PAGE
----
The way I see it, Obama is in a unique situation. On the point of facing financial crisis while coming into office, historically the only president I can compared Obama to is FDR. Maybe Reagan fits the mold, given the high oil prices and high unemployment of the early 80s, but Obama is facing a foreclosure crisis, banking crisis, insurance crisis… I mean, if you value the assets of our major banks at market prices (mark to market), they’re broke. They’re more than broke. I’ve disagreed with the fundamentals of Obama’s bank bailout package (I can provide links if you want, but in short, I think it’s a bullshit Wall Street handjob that won’t work), but sending money to states I don’t have a problem with. Since FDR, all presidents (and Congress) have given federal aid to states. And in this instance, the states really need it. I pick up my local paper here in Massachusetts and it has a list of state services that are set to receive budget cuts. Now whether having these state services is right or wrong can be debated at a local level, but Obama is looking to shore up the social safety net now to make sure the recession doesn’t dip further. I think that’s a smart plan.

    As for the taxes themselves, Obama’s plan (or anybody’s plan, for the matter) stops the slide and increases GDP growth, we won’t need to worry about higher taxes covering the costs because the tax base will be broadened. As well it should and needs to be, since increasing populations call for constant job growth.

    As for the British, whether or not they thought they were right or had nefarious intentions in mind, the cause matters not — it’s the results which are paid attention to. The British taxes on colonists unfair, and they reacted. But to call Obama’s tax increases unfair when he’s suggesting moving them to levels of the 1980s — one of the tenets of these tea parties — is pretty ridiculous in my mind. Why not follow that to it’s logical conclusion and, say, complain about Eisenhower’s tax rates in the 50s being higher? Or Nixon’s in the 70s? To me, the complaints against Obama’s taxes or consolidating Washington power (like Bush didn’t do enough of that.. And I’m sorry, I know I’m biased and I shouldn’t let that get the best of me by slighting our previous president when he’s not the topic of this conversation, but Jesus Christ, that guy did more to grow government than most other presidents, and while I was at CPAC in 2007 and can agree with you that many conservatives had that exact complaint about Bush, in fairness to the complaints I have to say “Too little, too late”) (anyways..) or higher taxes, strikes me as overtly partisan attacks. I’ll attack Obama, but it’s when I think his plans don’t make any sense. The tea parties strike me as incredibly disingenuous because of the rank partisanship — which boils down to Governor Perry’s secession comments. It seems like conservatives are acting out simply as sore losers, since they lost the White House, instead of trying to help the country. Disagreeing for disagreement’s sake. And I, for lack of a better word, disagree with that tactic.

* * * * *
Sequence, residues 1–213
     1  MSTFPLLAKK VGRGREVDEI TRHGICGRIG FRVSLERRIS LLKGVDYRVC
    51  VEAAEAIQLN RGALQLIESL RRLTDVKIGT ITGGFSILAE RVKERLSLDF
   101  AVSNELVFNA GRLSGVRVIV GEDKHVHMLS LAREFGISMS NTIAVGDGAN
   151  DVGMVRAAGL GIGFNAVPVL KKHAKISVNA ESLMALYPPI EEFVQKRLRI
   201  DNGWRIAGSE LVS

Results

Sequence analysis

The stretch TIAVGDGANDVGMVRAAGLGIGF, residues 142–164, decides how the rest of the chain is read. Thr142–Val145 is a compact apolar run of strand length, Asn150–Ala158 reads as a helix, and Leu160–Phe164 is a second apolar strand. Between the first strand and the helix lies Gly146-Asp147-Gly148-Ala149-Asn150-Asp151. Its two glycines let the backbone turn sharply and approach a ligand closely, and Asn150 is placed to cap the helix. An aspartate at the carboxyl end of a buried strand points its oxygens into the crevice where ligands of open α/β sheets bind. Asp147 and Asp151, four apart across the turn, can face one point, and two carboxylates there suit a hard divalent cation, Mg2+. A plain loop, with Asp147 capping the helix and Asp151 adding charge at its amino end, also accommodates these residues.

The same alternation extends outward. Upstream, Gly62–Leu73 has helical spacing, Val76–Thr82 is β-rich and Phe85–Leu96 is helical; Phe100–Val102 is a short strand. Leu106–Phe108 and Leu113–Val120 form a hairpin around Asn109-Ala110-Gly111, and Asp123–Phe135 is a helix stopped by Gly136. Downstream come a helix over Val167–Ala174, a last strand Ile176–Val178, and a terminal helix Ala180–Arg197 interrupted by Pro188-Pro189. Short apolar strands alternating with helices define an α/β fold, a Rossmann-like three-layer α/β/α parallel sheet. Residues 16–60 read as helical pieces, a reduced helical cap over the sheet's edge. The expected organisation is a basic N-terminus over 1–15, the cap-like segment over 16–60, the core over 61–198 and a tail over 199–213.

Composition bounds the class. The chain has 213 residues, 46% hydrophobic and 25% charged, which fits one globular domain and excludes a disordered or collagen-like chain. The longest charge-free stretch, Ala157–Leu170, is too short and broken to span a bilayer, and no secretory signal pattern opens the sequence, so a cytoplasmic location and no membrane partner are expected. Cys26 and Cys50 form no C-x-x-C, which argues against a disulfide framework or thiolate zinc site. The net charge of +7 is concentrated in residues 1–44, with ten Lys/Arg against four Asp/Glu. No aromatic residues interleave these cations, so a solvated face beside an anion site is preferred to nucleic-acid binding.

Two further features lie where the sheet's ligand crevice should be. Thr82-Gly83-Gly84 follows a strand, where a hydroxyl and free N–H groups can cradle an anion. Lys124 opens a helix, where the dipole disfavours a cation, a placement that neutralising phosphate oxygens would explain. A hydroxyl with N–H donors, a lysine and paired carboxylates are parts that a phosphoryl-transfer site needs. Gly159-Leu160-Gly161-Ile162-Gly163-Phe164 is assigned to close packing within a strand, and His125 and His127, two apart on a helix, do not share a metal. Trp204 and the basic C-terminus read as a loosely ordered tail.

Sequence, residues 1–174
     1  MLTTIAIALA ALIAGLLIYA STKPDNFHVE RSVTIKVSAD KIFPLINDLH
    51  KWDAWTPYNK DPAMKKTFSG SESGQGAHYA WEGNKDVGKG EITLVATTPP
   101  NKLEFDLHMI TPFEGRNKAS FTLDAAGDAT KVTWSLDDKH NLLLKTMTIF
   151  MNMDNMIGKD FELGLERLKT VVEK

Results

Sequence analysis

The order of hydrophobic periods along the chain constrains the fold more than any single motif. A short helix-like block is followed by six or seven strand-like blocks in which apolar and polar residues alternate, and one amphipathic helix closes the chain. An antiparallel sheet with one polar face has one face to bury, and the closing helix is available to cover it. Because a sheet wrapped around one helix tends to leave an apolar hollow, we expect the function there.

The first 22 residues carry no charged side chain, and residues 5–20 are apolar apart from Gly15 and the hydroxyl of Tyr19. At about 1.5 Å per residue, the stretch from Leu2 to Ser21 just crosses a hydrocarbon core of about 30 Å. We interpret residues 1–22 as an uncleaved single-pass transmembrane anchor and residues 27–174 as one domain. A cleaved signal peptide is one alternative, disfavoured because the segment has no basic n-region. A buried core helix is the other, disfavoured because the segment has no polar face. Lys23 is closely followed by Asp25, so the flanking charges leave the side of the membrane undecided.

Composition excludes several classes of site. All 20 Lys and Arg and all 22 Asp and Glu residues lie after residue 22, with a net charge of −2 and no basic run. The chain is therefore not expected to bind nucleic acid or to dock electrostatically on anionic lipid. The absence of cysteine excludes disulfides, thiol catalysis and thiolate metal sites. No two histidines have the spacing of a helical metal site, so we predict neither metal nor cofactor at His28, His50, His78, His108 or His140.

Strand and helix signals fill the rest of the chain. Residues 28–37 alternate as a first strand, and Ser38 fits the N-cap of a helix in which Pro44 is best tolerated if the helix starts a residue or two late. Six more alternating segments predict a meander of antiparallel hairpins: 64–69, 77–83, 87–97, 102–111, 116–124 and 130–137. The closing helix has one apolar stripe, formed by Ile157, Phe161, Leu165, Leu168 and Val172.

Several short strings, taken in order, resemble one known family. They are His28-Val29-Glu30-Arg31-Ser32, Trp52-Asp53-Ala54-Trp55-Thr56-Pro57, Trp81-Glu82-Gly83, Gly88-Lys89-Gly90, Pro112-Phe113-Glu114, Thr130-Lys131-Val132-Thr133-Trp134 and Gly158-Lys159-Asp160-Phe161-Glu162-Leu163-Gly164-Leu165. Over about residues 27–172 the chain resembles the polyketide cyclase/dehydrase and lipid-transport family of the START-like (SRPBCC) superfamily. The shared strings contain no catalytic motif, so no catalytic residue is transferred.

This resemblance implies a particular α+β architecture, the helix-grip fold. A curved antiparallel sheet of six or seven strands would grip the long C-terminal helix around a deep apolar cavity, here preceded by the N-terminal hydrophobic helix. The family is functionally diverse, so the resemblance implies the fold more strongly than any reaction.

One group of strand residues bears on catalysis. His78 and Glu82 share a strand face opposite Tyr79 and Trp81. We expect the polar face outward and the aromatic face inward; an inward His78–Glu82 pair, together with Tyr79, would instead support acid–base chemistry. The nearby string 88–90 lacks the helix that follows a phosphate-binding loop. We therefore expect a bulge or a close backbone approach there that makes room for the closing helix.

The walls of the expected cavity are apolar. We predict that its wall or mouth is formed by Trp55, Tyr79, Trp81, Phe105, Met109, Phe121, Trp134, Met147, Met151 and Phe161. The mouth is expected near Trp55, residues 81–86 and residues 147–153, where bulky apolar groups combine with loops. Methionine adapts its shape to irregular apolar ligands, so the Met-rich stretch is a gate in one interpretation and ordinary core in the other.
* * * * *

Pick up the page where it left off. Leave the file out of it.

10. Dakan says:

    TAS,

    Ah, a well seasoned response. Thanks. You are one of the few liberals willing to chew on the meaty topics rather than digress to name calling.

    First and perhaps most important with regard to Perry and the Tea Parties, it is not just about taxes. Ostensibly it started with Rick Santelli and anger over bailouts. Then the huge stimulus and budgets, the sky rocketing debt which places an enormous burden on future generations. And finally all this leads to a realization that the government in Washington be it Democrat or Republican has another agenda other than the welfare of the people.

    The question becomes focused on what is done with the money and what is done with our lives even more than the fact the money is collected. If you peruse the Declaration of Independence most of the charges against King George had to do with his neglect of legislative issue of concern to the colonies, his disregarding of their laws, his rigged justice system, his forced conscription of the colonies young men, and his complete disregard for the colonies liberty in general. And the actual war began not with the Boston Tea Party and taxes or the arrests and shutting down of dissenting pamphlet printers, but when the British moved to remove the firearms of the colonists. The colonists knew their last chance for liberty lay with the firearms they possessed. To lose them would be to live under tyranny forever. All of this is what people at these Tea Parties see, a government bent on controlling our lives.

    You cannot deny that they are in the process of doing so. Example, they (under Bush) forced healthy banks to take bailout money. Then (under Obama) they add strings like executive pay, hire/fire CEOs. Then at G20, agree to allow the IMF(European) to set guidelines for executive pay (but not explicitly limited to management only). Now, when the banks want to give the money back, they won’t let them, and as they prepare to release stress tests, they decide they will convert the preferred stock to common stock which relives the banks of the dividend payout, but puts congress in controlling interest. Now, they can force loans to those who are not credit worthy, but their votes are valuable.

    The same can be said of healthcare, and other issues. The sense is that Washington is on a control binge. It is not exclusively Democrat. Bush laid the framework that gives Pres. Obama the power he now wields. This is why he did not shut down the warrant-less wiretaps. Also, it is becoming known that the FBI was conducting surveillance at the Tea Parties. Anyone who is opposed is watched.

    This is not a Republican/Democrat, Liberal/Conservative issue. It is a matter of Tyranny vs Liberty.

Trackbacks/Pingbacks

  1. Leaning Straight Up » Massive Tea Party Link Round Up - [...] Tas / Comments from Left Field: Redefining Unbelievable — Texas Governor Rick Perry … [...]
  2. The Greenroom » Forum Archive » When Bush Was President, Secession Talk Was Cool - [...] Rick Perry: Texas Could Secede, Leave Union.” And the always cogent Comments from Left Field notes: When some wingnut…

Leave a Reply

Your email address will not be published. Required fields are marked *

Connect with Facebook